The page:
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Table of Contents
LETTER TO EDITOR
Year : 2019  |  Volume : 16  |  Issue : 1  |  Page : 85-86

Role of graduated nurses in neonatal intensive care unit in Iraq


Department of Community Medicine, College of Medicine, Baghdad University, Baghdad, Iraq

Date of Web Publication18-Mar-2019

Correspondence Address:
Dr. Sally Saad Bash
Department of Community Medicine, College of Medicine, Baghdad University, Baghdad
Iraq
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Source of Support: None, Conflict of Interest: None


DOI: 10.4103/MJBL.MJBL_105_18

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How to cite this article:
Bash SS, Al-Diwan JK, AI-Kaseer EA. Role of graduated nurses in neonatal intensive care unit in Iraq. Med J Babylon 2019;16:85-6

How to cite this URL:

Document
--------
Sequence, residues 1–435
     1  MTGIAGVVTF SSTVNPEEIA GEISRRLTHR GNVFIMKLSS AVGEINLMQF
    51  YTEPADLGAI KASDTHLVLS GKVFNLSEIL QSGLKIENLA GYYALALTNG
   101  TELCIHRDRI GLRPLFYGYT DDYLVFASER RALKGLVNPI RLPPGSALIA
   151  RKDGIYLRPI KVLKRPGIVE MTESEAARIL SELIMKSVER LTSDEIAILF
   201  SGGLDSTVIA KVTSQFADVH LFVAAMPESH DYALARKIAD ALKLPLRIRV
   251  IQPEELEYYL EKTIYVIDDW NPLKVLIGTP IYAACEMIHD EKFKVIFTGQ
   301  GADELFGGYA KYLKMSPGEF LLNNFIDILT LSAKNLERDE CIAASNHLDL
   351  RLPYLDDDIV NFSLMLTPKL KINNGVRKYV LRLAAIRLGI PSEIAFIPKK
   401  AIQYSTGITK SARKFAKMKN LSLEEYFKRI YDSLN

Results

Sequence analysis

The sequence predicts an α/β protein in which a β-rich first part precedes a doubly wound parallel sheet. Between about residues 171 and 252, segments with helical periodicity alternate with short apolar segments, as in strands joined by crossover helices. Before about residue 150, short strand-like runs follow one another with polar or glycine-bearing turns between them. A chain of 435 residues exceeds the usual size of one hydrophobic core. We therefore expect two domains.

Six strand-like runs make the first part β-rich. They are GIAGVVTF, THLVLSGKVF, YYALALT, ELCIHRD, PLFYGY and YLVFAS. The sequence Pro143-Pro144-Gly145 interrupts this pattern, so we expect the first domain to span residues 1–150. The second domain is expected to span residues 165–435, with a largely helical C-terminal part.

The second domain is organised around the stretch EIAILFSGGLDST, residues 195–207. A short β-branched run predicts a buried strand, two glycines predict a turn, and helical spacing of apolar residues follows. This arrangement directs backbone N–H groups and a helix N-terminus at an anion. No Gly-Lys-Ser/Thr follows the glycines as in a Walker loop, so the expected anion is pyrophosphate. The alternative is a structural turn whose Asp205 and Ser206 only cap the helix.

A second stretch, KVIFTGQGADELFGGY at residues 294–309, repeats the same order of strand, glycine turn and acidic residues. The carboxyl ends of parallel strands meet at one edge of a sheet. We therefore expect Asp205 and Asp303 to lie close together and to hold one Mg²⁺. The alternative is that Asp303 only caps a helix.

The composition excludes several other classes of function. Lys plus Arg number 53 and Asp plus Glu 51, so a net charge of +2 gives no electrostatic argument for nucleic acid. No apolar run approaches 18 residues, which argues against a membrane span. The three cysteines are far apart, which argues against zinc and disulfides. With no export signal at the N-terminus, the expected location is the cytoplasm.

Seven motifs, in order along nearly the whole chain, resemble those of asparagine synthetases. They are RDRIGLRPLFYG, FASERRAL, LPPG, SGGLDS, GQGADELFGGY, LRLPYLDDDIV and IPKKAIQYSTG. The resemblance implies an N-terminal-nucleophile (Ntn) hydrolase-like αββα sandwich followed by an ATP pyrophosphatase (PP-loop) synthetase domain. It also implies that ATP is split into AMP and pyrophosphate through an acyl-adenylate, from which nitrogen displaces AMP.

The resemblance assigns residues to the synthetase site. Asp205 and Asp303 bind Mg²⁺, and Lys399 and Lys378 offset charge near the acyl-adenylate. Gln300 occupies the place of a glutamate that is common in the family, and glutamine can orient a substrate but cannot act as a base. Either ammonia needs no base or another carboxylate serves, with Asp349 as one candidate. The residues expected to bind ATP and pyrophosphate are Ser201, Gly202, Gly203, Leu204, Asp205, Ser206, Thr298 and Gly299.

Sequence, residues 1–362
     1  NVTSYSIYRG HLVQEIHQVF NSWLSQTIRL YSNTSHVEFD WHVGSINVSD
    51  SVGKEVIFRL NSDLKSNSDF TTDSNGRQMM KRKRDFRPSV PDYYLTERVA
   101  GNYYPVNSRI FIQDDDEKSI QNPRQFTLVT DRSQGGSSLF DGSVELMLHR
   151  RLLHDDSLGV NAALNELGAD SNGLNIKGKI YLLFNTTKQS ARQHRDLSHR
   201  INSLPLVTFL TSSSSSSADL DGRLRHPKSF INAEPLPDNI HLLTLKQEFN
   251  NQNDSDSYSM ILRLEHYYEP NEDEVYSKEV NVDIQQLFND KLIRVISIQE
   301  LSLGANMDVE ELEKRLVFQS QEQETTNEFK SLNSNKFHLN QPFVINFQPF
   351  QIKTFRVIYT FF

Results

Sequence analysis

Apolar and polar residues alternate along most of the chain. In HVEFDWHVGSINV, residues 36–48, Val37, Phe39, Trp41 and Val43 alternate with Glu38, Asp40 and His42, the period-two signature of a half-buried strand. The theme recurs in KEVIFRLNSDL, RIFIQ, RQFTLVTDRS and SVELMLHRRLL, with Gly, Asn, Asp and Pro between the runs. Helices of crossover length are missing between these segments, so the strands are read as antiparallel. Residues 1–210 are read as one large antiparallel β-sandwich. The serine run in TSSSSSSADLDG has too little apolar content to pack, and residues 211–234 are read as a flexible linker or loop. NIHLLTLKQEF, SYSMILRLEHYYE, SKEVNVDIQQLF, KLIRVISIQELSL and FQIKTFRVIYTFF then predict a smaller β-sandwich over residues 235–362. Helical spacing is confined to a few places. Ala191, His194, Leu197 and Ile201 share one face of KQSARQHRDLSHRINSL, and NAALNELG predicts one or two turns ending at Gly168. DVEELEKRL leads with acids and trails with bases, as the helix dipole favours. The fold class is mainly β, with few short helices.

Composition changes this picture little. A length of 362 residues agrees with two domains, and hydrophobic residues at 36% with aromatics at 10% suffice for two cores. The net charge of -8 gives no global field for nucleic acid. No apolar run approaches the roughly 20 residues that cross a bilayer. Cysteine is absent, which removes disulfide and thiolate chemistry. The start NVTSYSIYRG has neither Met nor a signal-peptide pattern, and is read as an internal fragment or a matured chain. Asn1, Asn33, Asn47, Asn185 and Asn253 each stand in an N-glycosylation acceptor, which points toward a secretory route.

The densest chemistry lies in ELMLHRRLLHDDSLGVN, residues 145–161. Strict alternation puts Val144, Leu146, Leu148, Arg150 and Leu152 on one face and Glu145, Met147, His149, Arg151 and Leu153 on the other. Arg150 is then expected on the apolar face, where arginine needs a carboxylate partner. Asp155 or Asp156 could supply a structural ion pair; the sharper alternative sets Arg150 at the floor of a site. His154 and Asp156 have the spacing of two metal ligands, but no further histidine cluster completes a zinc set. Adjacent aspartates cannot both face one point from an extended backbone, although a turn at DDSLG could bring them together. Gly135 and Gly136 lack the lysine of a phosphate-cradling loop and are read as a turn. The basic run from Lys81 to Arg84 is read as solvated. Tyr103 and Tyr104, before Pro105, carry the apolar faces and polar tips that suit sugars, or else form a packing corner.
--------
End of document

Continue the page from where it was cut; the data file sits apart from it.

Bash SS, Al-Diwan JK, AI-Kaseer EA. Role of graduated nurses in neonatal intensive care unit in Iraq. Med J Babylon [serial online] 2019 [cited 2019 Jun 17];16:85-6. Available from: http://www.medjbabylon.org/text.asp?2019/16/1/85/254355



Dear Editor,

Graduated nurse focuses all their efforts to care for seriously ill newborns and their needs in neonatal intensive care unit (NICU). Complications in the newborn's clinical progression are frequent and they need not only technical skills, specific, and updated knowledge, but also agility and sensitivity, causing excessive physical and emotional stress in these professionals.[1]

In Iraq, the high percentage of neonatal deaths could be clarified by the deterioration of the health services and the socioeconomic conditions during the last decades, chiefly that of women and children. All these factors had a harmful effect on delivery and neonatal services.[2] Publishing on the role of graduated nurse in NICU is scarce. This was the impetus to carry out this study. This study was done to determine the effect of graduated nurse on neonatal mortality in Iraq.